Benoît Magimel Rides Hypnotic Wave in Albert Serra’s Pacifiction

The hypnotic rhythms of Albert Serra's abstract, post-colonial political epic suggest an inexorable fatalism.

6 mins read

Albert Serra’s haunting post-colonial epic Pacifiction begins and ends with a skiff of French marines arriving, then departing a Tahitian island. Their intentions in this place, eventually revealed across a languorously paced picture with a meticulous insinuation of dread, may or may not be geopolitical strategem. The film, a 162-minute test of audience endurance rendered in an oblique, just-out-of-reach narrative style, is a low-key examination of hushed political maneuvering with intriguing Tahitian cultural observations and a terrific star turn from the great Benoît Magimel.

Magimel stars as the white-suited De Roller, the High Commissioner to France who resides on the islands and carries a rumpled, elegance in decline charm of a Grahame Greene protagonist, an ambassador of diplomacy whose better days and influence are perhaps behind him. His Tahiti, presented here as lushly as French Polynesia has looked onscreen since 1984’s The Bounty, is caught in a schism between increasing governmental autonomy and the closed fist of old world French rule, a tropical paradise ensnared in political subterfuge and on the brink of something shadowy brewing beneath.

De Roller is quite an invention, a sort of affable overseer, longtime embedded with the locals and with an amiable reputation; he’s earned the trust and confidence of the Tahitians. He frequents the local bar each night with its owner (Sergi Lopez), a place appearing to be the only game in town and one with exotic dancers carrying on tribal traditions for flush tourists in a place suggesting couplings of all kinds, including transactional. He’s a smooth operator and a longtime fixture, a governmental go-between whose empathies, in the twilight days of his assignment, are tilted toward the locals as if an honorary member; he even advises them on the accuracies of an indigenous dance.

De Roller is also savvy with the coming-and-going officers and bureaucrats circling the island, and for the picture’s first hour, is embroiled in a series of coded and sometimes clandestine conversations, including those with a mysterious admiral (Marc Sussini) who may be planning a return to military testing on the island, an anxiety felt by the local populations, poisoned a half century earlier by similar military maneuvers. This rising fear is bolstered by the appearance of a submarine lurking offshore.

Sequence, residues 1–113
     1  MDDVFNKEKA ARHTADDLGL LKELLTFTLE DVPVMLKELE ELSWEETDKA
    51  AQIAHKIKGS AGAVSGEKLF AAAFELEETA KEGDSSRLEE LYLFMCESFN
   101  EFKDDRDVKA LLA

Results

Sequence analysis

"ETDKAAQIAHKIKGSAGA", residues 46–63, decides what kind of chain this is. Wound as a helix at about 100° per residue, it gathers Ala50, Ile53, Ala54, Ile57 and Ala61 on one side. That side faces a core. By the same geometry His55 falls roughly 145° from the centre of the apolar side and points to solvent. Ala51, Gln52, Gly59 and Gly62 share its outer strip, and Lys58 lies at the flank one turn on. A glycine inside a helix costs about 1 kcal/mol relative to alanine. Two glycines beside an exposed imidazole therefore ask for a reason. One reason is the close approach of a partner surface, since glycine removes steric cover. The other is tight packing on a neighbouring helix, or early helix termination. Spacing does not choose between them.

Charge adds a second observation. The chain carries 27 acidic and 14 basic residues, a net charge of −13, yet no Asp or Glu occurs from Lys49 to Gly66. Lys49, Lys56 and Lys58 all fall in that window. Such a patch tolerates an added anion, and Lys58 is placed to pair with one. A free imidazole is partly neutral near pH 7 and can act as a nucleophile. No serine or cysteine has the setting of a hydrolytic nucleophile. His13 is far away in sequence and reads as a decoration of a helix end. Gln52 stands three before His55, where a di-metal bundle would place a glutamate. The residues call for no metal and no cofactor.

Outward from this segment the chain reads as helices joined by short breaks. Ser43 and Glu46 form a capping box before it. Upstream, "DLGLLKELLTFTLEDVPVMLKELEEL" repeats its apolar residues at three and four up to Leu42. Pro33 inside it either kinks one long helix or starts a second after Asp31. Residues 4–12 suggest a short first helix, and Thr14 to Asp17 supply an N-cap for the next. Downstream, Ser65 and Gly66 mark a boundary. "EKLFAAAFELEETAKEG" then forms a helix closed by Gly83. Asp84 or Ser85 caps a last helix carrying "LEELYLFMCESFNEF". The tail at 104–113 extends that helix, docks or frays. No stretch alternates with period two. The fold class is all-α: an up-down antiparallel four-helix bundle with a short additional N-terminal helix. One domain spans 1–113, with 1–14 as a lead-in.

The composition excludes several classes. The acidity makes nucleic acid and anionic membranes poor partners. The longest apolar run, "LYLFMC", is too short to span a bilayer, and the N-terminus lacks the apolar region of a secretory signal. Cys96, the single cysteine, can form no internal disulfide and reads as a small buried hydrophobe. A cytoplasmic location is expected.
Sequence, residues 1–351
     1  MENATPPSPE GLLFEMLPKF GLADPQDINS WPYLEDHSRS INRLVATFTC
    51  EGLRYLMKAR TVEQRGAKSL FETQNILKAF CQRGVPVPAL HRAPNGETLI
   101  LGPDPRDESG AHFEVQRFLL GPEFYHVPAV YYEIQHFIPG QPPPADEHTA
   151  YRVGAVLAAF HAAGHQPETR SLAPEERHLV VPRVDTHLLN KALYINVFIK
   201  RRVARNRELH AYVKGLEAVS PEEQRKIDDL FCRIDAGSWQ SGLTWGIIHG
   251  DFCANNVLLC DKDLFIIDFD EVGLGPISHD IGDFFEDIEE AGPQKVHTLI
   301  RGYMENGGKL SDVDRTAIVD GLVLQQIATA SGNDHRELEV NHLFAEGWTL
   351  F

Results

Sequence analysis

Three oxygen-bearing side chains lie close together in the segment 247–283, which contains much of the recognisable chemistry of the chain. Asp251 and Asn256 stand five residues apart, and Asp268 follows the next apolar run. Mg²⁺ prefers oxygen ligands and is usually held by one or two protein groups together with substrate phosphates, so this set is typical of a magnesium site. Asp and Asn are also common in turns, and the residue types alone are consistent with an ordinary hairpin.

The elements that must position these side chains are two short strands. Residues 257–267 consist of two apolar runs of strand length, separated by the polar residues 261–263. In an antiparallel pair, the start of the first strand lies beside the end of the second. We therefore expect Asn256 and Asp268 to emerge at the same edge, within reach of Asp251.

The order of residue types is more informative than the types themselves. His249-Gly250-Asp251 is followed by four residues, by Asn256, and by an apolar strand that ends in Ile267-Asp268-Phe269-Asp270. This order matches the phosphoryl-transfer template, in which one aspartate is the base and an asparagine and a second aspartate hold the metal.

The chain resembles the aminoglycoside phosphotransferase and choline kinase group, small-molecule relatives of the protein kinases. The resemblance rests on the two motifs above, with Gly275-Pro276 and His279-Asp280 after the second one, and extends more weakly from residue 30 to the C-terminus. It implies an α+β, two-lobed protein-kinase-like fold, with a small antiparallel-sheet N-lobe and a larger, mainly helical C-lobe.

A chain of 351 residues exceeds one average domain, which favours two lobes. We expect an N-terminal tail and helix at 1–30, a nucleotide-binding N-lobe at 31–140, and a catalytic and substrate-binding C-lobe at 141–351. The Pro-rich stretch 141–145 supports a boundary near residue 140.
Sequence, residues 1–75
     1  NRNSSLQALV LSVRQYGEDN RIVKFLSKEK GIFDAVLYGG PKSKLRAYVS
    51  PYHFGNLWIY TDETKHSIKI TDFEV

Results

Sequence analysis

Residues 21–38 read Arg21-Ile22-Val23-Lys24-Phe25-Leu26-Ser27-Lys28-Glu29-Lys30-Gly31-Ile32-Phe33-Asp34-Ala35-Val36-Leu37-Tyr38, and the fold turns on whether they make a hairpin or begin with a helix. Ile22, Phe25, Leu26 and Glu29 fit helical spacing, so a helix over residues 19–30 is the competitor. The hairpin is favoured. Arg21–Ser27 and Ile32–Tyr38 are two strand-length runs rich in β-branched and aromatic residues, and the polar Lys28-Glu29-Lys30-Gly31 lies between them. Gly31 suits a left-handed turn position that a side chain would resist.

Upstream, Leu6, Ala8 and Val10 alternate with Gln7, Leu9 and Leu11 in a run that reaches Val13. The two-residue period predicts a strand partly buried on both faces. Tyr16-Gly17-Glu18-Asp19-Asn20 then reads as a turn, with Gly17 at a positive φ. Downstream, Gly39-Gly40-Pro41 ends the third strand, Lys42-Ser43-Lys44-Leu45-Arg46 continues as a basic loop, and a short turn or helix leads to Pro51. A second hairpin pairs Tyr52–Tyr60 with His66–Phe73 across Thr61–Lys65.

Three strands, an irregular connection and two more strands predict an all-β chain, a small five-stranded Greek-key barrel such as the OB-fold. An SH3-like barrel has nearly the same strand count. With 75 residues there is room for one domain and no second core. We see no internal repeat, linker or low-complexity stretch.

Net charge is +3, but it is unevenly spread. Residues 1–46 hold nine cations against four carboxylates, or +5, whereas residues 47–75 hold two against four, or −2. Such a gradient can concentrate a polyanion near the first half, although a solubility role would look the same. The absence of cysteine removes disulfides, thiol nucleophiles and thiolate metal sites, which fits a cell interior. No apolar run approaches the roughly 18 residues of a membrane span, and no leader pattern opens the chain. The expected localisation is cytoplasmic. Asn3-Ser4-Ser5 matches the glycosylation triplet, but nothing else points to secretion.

This submarine and its inhabitants, frequented nightly by local prostitutes, as well as the sudden appearance of men in uniform, have the islanders and the increasingly distrustful De Roller on edge. In one terrific scene, De Roller meets with a group of island representatives who push him to reveal the nature of the military presence, suggesting a local uprising and clash are bound to ensue should any aggression be on order.

Amidst the roiling tensions is a fascinating character named Shannah, played by a marvelously expressive and enticing trans actress named Pahoa Mahagafanau, a hotel employee who serves as the club’s choreographer but also as a likely lover to De Roller; they are so electric together one wishes Serra had given their union more screen time. Shannah is also of interest to a mysterious Portuguese diplomat (Alexandre Melo) whose passport comes up missing. Mahagafanau, holding the camera in close-up each moment onscreen, is a born movie star and terrific scene partner with her famous French movie star counterpart (who won the Cesar for this very performance).

What may sound like a heady amount of plotting for a political thriller, but Pacifiction is unconcerned with such mechanics, instead content to languish in its Polynesian atmosphere, exploited to the hilt by cinematographer Artu Tort, using three Canon Black Magic Pocket Cinema cameras to capture richly saturated foliage greens, crystal blue seas, neon-bathed nightclubs and inky, ominous midnight skies, which prove foreboding in the picture’s eerie denouement. With similar innovation, Serra’s use of improvisation in liberal passages of dialogue (including the use of an earpiece for Magimel during some lengthy political monologues) suggests a moment-to-moment unfolding onscreen; never once does the picture feel scripted or didactic in its often extensive dialogue.

Despite inherent tension in its haze of bureaucracy, paranoia and a potentially coming apocalypse, Pacifiction offers little crescendo, dramatic payoff or catharsis. Yet in the picture’s final moments, Serra’s hypnotic rhythms suggest an inexorable fatalism. For many, Serra’s deliberate, methodical picture will fail to engage. Yet for those who stick with its sometimes lulling, ultimately engrossing currents, the rewards are plenty.

3 1/2 stars

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